In his garden Father Kemme grows lettuce and radishes in the spring; green beans, peppers, tomatoes, cucumbers, and potatoes in the summer; and sweet potatoes and honeydew in the fall. He says harvest time is his favorite part of gardening, while he doesn’t really enjoy pulling weeds “and keeping the critters out of my veggies!”
Father Kemme says pulling weeds does give him quiet time for reflection. “Most of my prayerful time comes when I am planting the seeds. Usually early in the season the weather is pleasant, and planting is kind of an act of creation in itself,” he said and then added, “Sometimes when I am fed up with parish administration, etc., it is really good just dig in the dirt!”
Father Mark Schulte, pastor of St. Mary in Pittsfield and St. Mark in Winchester, says gardening is “in his blood” as his maternal grandparents were gardeners by profession. Their company was called Frericks Gardens and Greenhouses in Quincy. As a boy, he helped with the family business and then rediscovered gardening again after college. He has small garden plots around the parish grounds, which are mingled among the flower beds.
“I also operate a large garden with our Knights of Columbus Council on some ground that a parishioner generously lets us use,” Father Schulte said. “We grow most of the common vegetables: tomatoes, potatoes, beans, peas, cucumbers, onions, sweet corn, sweet potatoes, cabbage, melons, pumpkins, and peppers. I started growing oak tree seedlings from acorns this year. I also grow a fairly large selection of perennial flowers and herbs.”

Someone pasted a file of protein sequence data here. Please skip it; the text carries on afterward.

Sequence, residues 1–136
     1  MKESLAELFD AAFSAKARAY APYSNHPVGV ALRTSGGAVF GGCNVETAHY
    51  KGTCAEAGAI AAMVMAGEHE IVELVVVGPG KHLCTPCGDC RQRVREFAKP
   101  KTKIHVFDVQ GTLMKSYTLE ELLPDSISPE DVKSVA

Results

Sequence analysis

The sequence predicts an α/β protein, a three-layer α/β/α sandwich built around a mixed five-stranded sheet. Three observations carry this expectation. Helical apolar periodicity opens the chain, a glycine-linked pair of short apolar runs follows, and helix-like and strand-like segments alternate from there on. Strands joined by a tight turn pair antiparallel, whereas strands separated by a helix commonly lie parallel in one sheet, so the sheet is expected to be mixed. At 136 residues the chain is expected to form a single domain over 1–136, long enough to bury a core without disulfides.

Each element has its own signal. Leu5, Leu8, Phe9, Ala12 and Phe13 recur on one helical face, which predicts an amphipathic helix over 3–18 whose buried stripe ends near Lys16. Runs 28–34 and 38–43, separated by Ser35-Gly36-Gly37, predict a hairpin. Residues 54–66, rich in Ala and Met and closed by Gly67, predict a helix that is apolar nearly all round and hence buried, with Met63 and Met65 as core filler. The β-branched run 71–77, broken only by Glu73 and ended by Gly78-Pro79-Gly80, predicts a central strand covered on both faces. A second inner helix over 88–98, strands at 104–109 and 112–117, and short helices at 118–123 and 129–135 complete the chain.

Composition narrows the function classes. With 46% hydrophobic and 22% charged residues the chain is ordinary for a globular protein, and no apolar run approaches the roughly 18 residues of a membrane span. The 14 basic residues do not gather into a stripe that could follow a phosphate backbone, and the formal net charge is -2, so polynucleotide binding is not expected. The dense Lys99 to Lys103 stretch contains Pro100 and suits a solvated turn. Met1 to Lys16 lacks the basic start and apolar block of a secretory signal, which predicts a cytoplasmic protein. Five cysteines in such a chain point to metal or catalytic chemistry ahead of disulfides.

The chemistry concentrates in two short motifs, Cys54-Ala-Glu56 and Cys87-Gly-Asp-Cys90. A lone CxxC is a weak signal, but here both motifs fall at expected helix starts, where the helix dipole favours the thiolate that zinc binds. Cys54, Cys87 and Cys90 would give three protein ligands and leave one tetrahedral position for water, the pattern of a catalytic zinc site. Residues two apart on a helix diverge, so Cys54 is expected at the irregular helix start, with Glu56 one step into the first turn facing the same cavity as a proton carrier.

Father Schulte says he doesn’t have a favorite part of gardening. “It’s all part of a whole. One thing is connected and dependent upon another,” he said. “It is organic just like our Catholic faith (CCC 18). But it is very gratifying watching God’s handiwork in the various plants. There really isn’t anything I don’t like about gardening, even the sweat and toil. I understand how it all goes together, like a piece of art or a fine piece of furniture. The work is simply part of the finished product.”